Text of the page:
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Originally home plate was a 12 inch by 12 inch square. It was rotated 45 degs. so that it fitted the playing field. The pitchers would argue that they would not get the called strike when the ball went over the corners of the plate. On March 9th 1900 the owners in the National League changed the shape of home plate to five sides in order to get rid of the corners. They figured this would eleminate the arguements on called strikes. Before changing the shape of the plate, the distance across the corners was 16.97 inches. After making the change it appears that they rounded off the distance to make the width of the plate an even 17 inches.

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βˆ™ 2006-02-01 19:45:25
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Q: Why is a baseball home plate 17 inches across?
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How many inches is a baseball home plate?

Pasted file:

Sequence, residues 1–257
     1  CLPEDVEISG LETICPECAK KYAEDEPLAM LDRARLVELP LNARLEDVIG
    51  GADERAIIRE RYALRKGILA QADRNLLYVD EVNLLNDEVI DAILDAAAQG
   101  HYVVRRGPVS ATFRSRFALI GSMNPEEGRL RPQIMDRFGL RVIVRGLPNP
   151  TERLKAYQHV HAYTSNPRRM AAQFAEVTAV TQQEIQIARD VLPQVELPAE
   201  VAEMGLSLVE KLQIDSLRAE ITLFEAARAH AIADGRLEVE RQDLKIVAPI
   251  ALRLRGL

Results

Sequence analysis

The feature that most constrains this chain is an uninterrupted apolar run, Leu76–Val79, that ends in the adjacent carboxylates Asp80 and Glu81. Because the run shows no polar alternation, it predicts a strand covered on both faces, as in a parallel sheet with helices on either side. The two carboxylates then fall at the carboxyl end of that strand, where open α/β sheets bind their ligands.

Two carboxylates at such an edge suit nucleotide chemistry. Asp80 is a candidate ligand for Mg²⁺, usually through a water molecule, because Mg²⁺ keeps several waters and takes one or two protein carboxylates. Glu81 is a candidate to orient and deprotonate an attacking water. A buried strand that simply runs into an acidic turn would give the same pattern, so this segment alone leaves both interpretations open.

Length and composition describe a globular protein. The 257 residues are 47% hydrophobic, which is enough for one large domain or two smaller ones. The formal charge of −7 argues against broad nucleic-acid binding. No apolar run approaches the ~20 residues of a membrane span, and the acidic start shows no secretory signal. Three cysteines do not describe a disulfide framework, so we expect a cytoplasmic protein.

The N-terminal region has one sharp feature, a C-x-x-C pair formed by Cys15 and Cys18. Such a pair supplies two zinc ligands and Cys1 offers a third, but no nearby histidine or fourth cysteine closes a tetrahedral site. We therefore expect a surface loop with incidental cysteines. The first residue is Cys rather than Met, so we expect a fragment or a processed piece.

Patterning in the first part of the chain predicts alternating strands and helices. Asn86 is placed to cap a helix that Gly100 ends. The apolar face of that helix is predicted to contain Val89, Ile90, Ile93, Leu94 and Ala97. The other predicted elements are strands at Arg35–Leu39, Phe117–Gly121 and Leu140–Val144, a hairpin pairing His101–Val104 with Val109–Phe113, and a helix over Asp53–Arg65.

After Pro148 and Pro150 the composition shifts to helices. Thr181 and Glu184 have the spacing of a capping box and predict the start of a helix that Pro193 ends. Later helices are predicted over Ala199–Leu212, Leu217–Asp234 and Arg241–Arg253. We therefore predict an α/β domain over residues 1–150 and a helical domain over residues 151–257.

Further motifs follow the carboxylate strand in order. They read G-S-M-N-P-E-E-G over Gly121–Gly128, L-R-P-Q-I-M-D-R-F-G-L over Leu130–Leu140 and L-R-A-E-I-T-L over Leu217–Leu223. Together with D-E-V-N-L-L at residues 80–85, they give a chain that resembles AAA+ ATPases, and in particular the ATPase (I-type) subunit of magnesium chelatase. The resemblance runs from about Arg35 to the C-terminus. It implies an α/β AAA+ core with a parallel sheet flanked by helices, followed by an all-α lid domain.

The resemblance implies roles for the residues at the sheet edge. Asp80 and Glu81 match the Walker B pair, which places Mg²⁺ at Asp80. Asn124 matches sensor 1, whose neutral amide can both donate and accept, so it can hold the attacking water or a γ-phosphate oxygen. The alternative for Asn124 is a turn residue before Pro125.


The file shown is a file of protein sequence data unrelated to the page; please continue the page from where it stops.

The dimensions of a five-sided baseball home plate are: 17 inches by 8 1/2 inches by 8 1/2 inches by 12 inches by 12 inches, cut to a point at rear.


Why 2 circles near home plate baseball field?

the 2 circles by home plate on a baseball field are called the on-deck circles and they are for the next player up to bat to warm up before going to home plate


What was the distance between the baseball pitcher's mound and home plate in 1884?

60 feet six inches is the current distance between the pitcher's mound and home plate. However as asked by this question earlier about baseball in 1884, the distance was forty five feet. Connie Mack was a catcher in 1884 and his ideas about the pitching mound and home plate along with the position of catcher were in part changed because of him.


How do you score in baseball?

Whenever a someone gets to home plate (by running there or by hitting a home run) a point is won.


How do you measure the distance from the mound to home plate?

You start at the pointy end of home plate and measure 60 feet 6 inches towards second base. That is where you would place the front of the pitcher's rubber. Then from the middle of the pitcher's rubber you measure 18 inches towards home plate and mark that spot. Measure an 18 foot radius around the marked spot. That is the pitcher's mound boundary. To make sure you're correct, you would then measure from the front of the mound to the front of the pitcher's rubber. It should equal 11 feet 6 inches.

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